Fun doc covers domino superstar Lily Hevesh’s journey from YouTube to The Tonight Show and beyond

Few things rival the aesthetic beauty of watching dominoes topple. The wave of sound and movement weaving through the dominoes, no matter how simplistic or complex their arrangement, is hypnotic. It’s one of the surest ways to time-travel, taking away your worries and replacing them, however briefly, with the giddiness of a child. If Jeremy Workman’s documentary Lily Topples the World featured only clips of intricate domino patterns cascading down, it would’ve been a delight. Workman and his subject, Lily Hevesh, dig deeper than that, and elevates Lily Topples the World into a crowd-pleaser with an emotional undercurrent that sweeps over viewers.

Meet Lily Hevesh, a renowned domino builder with over three million subscribers to her YouTube channel Hevesh5. She started posting videos of her awesome builds in 2013, and now she’s a 21 year-old with a budding domino empire. Well, she may get to empire status one day. But she does have her own line of dominoes, H5 Domino Creations, created specifically for toppling, and an impressive fanbase, including Hugh Jackman, Will Smith, Katy Perry, and Jimmy Fallon. While her dreams are big, for now, Lily is a friendly, charmingly enthusiastic young woman carving out her place in the world.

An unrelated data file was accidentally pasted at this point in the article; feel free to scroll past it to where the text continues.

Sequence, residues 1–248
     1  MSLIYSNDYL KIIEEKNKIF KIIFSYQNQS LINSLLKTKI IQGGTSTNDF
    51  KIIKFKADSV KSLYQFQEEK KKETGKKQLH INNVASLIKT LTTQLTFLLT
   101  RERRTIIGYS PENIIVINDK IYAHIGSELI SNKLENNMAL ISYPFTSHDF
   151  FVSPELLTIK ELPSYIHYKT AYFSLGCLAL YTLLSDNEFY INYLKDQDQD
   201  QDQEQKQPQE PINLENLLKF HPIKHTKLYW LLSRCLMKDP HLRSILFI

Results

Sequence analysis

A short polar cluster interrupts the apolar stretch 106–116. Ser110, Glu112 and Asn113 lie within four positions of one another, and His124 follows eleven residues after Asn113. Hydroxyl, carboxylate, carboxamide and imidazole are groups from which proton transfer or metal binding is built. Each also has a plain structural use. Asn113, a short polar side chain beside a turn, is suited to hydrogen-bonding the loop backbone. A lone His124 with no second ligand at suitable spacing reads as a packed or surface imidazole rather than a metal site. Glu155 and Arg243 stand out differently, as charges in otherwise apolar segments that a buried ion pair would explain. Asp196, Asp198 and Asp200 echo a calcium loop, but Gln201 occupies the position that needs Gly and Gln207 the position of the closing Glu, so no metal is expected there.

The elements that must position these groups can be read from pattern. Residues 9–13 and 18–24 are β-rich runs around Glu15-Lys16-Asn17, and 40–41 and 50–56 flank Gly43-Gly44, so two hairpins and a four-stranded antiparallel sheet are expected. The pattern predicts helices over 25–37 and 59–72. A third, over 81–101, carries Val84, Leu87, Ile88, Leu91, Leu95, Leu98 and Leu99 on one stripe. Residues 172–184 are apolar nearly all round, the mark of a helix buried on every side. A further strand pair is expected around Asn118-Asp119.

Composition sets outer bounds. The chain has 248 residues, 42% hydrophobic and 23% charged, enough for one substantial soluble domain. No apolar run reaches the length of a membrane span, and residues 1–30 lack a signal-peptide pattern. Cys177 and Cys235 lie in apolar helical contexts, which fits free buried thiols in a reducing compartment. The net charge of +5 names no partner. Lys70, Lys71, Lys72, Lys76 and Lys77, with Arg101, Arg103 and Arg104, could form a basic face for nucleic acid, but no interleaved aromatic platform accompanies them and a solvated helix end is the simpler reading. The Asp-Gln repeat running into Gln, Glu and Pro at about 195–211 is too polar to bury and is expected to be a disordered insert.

Lily Topples the World mixes the highs that Lily has already reached with the relatable struggles she has gone through on her journey. At the heart of the documentary is the story of someone turning their loneliness into a community. Lily, and many of the other teenaged domino builders we’re introduced to, started off as kids who found solace in being alone. While they each talk about the patience, creativity, and other skills learned from their time spent playing with dominoes, it’s the sense of self-discovery that ties this community together. For Lily, dominoes have helped her sort through issues of abandonment that started when she was born. She was born in China to parents who were hoping for a boy and, under the nation’s One Child Policy, dropped Lily off at a local orphanage. She was adopted by American parents and came to her new home without anyone even knowing her actual birthday.

Despite the harrowing story that gives the film its emotional backbone, the emphasis on our personal journeys is heartening. No matter how we navigate them individually, we are always tied up in the journeys of others. Lily Topples the World is, for the most part, an ode to finding yourself and finding a community. When we see Lily meeting fans, young and old, and bonding with them over dominoes, there’s a shared joy that is tangible. Lily Topples the World is a charming story about building themselves, and their community, one domino at a time.

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